Monday, October 13, 2008

Building the Philippine Solar Valley



For the last three articles of this column, I have talked about the solar energy sector and what is happening around the world in solar.

I would like to add that the high initial cost can, of course, be depreciated over a period of years.

So now, let me give you my opinion of how we can build a Philippine Solar Valley and why we should.

First of all, why should we?

The answer is simple. The growth of renewable energy will be explosive over the next few years.

This is not a mature industry characterized by slow and steady growth over the next few years. No, this will be a very explosive high growth industry.

There are many companies and technologies vying to gain market share, and with plans like Barack Obama’s plan to spend $150 billion on renewable energy, this is bound to create a lot of new technologies and startups.

Granted that it will create new industries in the US, there will still be cost pressures.

We can attract many of those solar startups to setup their manufacturing here, and leverage our three decade experience in the semiconductor and electronics industry to improve the manufacturing of these products.

Our own technology suppliers here should be spun off and capitalized, to become suppliers to these foreign companies. This is how a lot of Silicon Valley like ecosystems began: by first becoming suppliers to big companies.

How do we do that?

We need to set up a Solar Energy R&D Institute somewhere near where Sunpower (and hopefully Solaria) is located. By clustering the solar manufacturing companies in one area, we are able to gain a critical mass of solar energy practitioners.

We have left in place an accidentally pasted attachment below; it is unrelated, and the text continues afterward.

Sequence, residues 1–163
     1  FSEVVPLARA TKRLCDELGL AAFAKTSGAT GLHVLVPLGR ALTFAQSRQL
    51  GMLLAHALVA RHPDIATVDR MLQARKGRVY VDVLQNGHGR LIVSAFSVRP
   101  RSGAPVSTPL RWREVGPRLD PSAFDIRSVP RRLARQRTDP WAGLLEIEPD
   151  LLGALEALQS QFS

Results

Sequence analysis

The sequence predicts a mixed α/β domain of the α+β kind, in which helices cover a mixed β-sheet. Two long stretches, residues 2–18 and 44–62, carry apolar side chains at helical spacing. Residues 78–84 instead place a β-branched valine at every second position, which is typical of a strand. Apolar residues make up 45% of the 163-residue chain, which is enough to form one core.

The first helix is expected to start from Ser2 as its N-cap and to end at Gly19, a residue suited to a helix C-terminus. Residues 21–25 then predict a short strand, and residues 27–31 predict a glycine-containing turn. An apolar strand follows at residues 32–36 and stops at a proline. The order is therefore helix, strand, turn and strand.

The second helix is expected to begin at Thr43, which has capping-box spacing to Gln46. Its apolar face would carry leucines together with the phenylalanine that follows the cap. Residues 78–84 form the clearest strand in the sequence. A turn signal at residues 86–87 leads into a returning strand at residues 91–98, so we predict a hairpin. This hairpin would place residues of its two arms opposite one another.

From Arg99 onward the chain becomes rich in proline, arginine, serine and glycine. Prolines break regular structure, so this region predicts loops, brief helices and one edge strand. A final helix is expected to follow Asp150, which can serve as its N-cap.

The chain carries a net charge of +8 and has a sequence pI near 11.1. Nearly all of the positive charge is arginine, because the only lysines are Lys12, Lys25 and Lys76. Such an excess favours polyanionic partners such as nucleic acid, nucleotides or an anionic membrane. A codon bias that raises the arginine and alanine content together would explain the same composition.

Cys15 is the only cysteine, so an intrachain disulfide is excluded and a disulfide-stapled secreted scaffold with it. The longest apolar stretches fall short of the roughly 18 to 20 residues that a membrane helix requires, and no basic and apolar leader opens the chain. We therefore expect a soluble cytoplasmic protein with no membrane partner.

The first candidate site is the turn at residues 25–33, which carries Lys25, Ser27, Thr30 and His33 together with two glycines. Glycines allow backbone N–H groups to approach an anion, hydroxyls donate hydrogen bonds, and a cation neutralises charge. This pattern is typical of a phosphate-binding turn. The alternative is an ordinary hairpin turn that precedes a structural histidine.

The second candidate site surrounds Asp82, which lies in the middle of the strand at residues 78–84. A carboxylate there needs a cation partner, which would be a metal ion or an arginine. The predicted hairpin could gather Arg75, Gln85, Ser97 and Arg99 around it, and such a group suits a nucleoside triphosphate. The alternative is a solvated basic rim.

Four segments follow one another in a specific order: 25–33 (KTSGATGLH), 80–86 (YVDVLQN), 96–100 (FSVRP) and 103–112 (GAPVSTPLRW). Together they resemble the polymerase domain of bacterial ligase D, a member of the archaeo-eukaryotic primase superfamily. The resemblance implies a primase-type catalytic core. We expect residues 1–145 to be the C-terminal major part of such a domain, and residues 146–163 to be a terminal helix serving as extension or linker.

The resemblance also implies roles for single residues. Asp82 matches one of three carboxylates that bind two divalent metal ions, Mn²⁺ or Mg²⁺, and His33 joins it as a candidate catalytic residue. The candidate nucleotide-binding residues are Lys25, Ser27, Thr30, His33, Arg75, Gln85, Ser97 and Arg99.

The Solar Energy R&D institute should be a semi-government, semi-private R&D institute that can spin off its intellectual property so that investors and technopreneurs can commercialize these technologies.

Technology startups can range from systems integrators, components manufacturers, equipment manufacturers, consulting firms, and even venture capital and intellectual property law firms.

The key is to superconcentrate them in one area, using the big solar companies as a guide where to locate it, so that the engineers, scientists, venture capitalists, technopreneurs eat, breathe, talk, swim in solar.

But to get this started, engineers and scientists have to start experimenting with solar panels. This is where donations by companies like Sunpower and Solaria become important. We need to train engineers in large numbers for the solar energy sector.

This is basically hedging our bet for this sunrise industry that is coming our way. Once these technologists develop prototypes from the solar panels that are either lent or given to them, they can seek investors for their prototypes, creating new tech startups.

Just to drive home the point, the Ateneo de Manila Innovation Center developed a solar powered way to get 16 liters of high purity potable water from the air, using a converted dehumidifier connected to a solar panel.

They also have other experiments and designs that are being built.

And all this was enabled because of the solar panels that were given to them.

Aside from encouraging donations to hobbyists, engineers, scientists, there should be more solar power plants set up. Aside from the Cagayan Electric Power and Light Company, Inc. in Cagayan de Oro, as well as the Palawan and Aurora solar power plants, more power plants should be built.

Hopefully, the Renewable Energy Bill will be approved with its incentives, including tax breaks and credits, renewable portfolio standards, feed-in-tariffs, and other incentives intact.

Having a Solar Valley here will put the Philippines on the map as a center of excellence for high technology manufacturing in solar energy.

It will create new jobs and new opportunities for us if we prepare for it.

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